- Gather accident information. Note the date and time of the accident.
- Obtain information on the other driver including name, address, phone number, make of car, vehicle license number, insurance company and agent’s name and telephone number.
- Record a description of what occurred.
- Draw a diagram of the accident showing the direction of both cars and the point of the accident. Include street names and location of traffic signs/signals.
- Report the accident promptly to your insurance agent.
What about cellular phone coverage?
Since many of us now have cellular telephones, we thought it might be worthwhile to highlight a few points regarding how insurance applies to this technology:
If a cellular phone is stolen from your car (or along with your car if it is stolen), is the phone covered by your auto insurance?
No, it is not unless the phone is permanently installed and powered by the car’s electrical system.
Is your portable cell phone covered by your homeowners or renters insurance?
Sometimes it is, but coverage is subject to the policy provisions and deductible in your homeowners or renters policy.
Can you buy broader coverage for your portable cell phone?
Yes, most companies offer a special, broader coverage for portable cell phones that can be added to a homeowners or renters policy. Call us for details.
What if you lease a portable cell phone?
If you lease a phone, check with the company you lease the phone from to see what (if any) coverage they may provide. You may then want to check with us to compare coverages and cost.
What is lease loan gap coverage?
If you are thinking about leasing or buying a car, you might consider adding Lease Loan Gap (LLG) Coverage to your auto policy. LLG Coverage is an extension of your auto’s physical damage coverage.
Ordinarily, your comprehensive and collision coverages provide you with up to the actual cash value (the vehicle’s cost minus depreciation) in the event of a total loss. When you sign a lease or loan agreement, you may be obligating yourself for an amount higher than the vehicle’s actual cash value.
At a cost of approximately 5% of your current comprehensive and collision premiums, LLG Coverage protects you from out-of-pocket expense when such a “gap” occurs. Although there are some limitations, LLG Coverage will pay up to your lease or loan amount if your car is stolen or if the cost of repairs is greater than its salvage value. Contact our office and we’d be happy to discuss this coverage further.
Note: Some car manufacturers may provide gap coverage as part of the lease agreement — check your particular contract for details.
Ohio’s Graduated Driver Licensing Law
A graduated driver licensing law became effective in Ohio on July 1, 1998. Designed to provide new drivers under age 18 with additional experience and skills when behind the wheel of a motor vehicle, this law:
- Allows 15 1/2 year-olds to obtain temporary instruction permits which are valid for one year.
- Requires a parent, guardian or licensed driving instructor to accompany the teen driver at all times.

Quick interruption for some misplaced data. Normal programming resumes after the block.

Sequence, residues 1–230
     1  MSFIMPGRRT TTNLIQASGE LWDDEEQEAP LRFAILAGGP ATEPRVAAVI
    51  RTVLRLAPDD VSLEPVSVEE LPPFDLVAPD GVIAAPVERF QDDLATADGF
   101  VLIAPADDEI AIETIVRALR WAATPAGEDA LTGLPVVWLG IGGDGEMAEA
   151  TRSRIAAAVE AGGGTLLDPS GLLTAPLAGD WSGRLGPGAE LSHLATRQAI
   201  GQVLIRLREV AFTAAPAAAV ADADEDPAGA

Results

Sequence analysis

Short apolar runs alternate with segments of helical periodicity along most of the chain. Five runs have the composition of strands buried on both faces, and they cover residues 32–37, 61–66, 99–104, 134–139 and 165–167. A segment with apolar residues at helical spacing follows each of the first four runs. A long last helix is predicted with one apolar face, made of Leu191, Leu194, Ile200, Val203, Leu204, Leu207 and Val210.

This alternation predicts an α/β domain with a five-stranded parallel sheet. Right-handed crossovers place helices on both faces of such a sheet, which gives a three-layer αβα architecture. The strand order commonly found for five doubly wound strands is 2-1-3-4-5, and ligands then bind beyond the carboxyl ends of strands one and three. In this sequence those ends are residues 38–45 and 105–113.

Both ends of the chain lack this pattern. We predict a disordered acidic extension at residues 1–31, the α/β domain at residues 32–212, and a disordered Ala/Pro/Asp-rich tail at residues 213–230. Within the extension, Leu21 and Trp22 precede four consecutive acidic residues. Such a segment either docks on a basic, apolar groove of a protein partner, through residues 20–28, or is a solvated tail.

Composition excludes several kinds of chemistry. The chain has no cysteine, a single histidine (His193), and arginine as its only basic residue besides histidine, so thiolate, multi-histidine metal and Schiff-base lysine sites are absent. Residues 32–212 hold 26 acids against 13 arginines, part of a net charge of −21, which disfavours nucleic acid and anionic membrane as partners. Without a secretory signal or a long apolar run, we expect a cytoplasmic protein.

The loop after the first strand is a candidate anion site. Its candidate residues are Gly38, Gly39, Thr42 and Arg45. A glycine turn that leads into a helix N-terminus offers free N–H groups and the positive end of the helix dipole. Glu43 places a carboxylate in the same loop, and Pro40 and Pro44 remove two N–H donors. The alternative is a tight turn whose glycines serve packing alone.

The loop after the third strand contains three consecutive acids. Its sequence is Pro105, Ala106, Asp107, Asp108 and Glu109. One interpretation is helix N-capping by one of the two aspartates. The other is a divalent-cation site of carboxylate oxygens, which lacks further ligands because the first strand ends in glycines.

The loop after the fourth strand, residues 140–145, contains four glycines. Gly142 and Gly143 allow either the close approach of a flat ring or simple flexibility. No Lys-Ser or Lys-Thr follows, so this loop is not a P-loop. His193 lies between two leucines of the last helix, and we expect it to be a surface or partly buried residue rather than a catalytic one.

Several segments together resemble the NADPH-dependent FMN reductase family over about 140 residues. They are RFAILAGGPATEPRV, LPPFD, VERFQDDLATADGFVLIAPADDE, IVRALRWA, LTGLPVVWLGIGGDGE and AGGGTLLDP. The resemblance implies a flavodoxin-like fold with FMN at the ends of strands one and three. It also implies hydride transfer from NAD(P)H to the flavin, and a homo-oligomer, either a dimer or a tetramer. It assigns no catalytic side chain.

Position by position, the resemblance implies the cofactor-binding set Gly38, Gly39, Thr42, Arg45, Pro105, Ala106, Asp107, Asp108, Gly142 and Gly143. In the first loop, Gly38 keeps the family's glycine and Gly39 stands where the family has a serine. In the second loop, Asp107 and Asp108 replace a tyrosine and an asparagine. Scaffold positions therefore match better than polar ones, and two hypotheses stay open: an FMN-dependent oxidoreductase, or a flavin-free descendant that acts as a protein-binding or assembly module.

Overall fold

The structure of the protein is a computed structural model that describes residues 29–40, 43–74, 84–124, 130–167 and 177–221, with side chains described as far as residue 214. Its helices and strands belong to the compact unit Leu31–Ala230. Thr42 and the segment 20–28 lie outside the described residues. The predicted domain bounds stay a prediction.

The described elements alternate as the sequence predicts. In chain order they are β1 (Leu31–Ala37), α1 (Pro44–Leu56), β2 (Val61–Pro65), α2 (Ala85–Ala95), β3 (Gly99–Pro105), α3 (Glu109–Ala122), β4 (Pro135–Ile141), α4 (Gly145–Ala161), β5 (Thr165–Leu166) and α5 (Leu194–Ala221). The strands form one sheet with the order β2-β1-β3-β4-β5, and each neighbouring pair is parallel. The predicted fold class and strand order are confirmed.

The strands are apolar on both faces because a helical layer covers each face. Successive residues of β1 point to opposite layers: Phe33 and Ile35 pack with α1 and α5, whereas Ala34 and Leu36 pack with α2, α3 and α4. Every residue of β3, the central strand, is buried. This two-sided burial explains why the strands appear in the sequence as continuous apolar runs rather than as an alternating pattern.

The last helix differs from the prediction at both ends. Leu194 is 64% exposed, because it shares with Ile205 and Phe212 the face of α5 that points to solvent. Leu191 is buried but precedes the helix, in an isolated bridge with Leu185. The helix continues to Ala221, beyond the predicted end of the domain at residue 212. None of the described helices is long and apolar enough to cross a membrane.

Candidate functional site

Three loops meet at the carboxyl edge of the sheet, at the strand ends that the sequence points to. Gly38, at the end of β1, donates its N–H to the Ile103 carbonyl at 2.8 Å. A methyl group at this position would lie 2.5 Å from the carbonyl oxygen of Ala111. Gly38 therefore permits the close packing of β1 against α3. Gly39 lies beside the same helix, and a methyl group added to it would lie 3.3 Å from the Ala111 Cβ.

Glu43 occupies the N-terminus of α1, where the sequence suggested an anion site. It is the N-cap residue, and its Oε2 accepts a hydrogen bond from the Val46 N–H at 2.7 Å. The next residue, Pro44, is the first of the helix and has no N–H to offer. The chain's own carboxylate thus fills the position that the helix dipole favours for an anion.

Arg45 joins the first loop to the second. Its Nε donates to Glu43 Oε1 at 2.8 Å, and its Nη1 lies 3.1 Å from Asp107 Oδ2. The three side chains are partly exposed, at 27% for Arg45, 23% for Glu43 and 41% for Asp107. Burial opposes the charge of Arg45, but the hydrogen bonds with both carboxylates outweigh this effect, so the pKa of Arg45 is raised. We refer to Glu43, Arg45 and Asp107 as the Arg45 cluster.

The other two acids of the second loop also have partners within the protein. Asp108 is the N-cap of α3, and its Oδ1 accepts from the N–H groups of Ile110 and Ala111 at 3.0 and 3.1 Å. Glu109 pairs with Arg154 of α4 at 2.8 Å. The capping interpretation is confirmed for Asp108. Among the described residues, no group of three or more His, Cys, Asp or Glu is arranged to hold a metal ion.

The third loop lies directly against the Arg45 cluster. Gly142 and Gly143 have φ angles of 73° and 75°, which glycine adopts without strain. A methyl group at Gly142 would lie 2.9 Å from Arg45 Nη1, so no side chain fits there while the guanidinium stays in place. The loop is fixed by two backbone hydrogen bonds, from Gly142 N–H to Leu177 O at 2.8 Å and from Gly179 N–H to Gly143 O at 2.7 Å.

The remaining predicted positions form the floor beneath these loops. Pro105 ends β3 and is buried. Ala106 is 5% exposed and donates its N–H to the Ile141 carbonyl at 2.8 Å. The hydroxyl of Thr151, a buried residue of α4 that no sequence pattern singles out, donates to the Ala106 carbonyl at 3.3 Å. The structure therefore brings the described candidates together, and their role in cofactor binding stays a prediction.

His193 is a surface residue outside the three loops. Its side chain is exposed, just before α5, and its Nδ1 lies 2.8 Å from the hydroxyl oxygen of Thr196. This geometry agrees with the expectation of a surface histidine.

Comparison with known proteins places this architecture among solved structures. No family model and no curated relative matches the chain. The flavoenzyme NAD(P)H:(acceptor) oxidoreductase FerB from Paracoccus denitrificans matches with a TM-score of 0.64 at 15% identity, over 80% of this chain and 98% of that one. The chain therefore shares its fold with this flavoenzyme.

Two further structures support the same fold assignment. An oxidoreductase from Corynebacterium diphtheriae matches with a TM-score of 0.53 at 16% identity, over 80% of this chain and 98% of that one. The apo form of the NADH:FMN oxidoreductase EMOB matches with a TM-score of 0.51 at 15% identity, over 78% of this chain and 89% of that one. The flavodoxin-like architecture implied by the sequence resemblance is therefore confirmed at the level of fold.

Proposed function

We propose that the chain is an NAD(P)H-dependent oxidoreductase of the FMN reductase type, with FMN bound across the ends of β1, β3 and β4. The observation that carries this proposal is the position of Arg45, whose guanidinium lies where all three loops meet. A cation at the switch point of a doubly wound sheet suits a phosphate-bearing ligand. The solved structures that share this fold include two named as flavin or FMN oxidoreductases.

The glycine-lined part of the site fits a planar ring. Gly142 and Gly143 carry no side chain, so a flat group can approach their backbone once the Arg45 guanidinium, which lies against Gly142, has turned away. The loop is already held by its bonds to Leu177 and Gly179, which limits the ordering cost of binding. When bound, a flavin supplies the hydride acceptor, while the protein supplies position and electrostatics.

- Requires the temporary permit to be held for a minimum of six months before a license may be obtained.
- Requires permit holders to have 50 hours of driving experience, including 10 at night, with a parent, guardian or licensed driving instructor.
- Also changes driver education requirements effective January 1, 1999. New drivers must have 24 hours of classroom and 8 hours of behind-the-wheel instruction.
The Ohio Insurance Institute supports this new graduated driver licensing system. Similar systems in other states have reduced the number of crashes involving teens. Call D.L. Barton Insurance Agency or stop by for your free copy of The Driving Challenge – A Guide to Ohio’s Graduated Driver Licensing Law published by the Ohio Department of Public Safety. Or for further information call the Department directly at 1-800-462-2269.
Do I Really Need Uninsured Motorist Coverage?
You’re driving your son to soccer practice when you are rear-ended at a stop sign. Dealing with the initial trauma of the accident and injuries and the subsequent disruption of a period of medical recovery and the inconvenience of car repairs is bad enough. What if the injuries are serious? And what if the at-fault driver has no insurance? Where do you turn?
This is where your Uninsured Motorists (UM) Coverage comes into play.
What is UM Coverage?
The Ohio Insurance Institute defines it as coverage that “pays the policyholder and passengers in his/her car for losses sustained by reason of bodily injury … caused by the owner or operator of an uninsured automobile or a hit and run driver.”
What is the difference between Uninsured and Underinsured Motorists Coverage?
Underinsured Motorists Coverage covers you and passengers in your car for “losses unpaid because sufficient bodily injury liability limits are not available from the policy of an at-fault driver.” In other words, Uninsured Motorists covers you if the wrongdoer has no insurance while Underinsured Motorists covers you in the event that the wrongdoer has some coverage but not enough.
Many people wonder if UM is really necessary. After all, isn’t liability insurance mandatory? How can there be any uninsured drivers out there? The problem is not everyone obeys the law. The Office of Public Safety for the State of Ohio recently quoted to us in a telephone interview that 7% of the drivers convicted of moving violations in a recent six-month period were found to have no insurance. There are upwards of 11 million automobiles registered in the State of Ohio. If even 5% of them are uninsured, that’s a frighteningly high number!
Others question the necessity of UM in light of the fact they have very comprehensive medical coverage. In the event of an accident with an uninsured driver, they assume their own medical coverage will fully protect them. es, medical insurance would likely cover most medical expenses. But it will not generally compensate the injured person for lost wages, disfigurement, pain and suffering, mental anguish, and changes in quality of life. For a person permanently disabled following an accident, even things such as modifications to make a home and a vehicle more accessible can cost tens of thousands of dollars. UM can compensate the victim in these broader areas.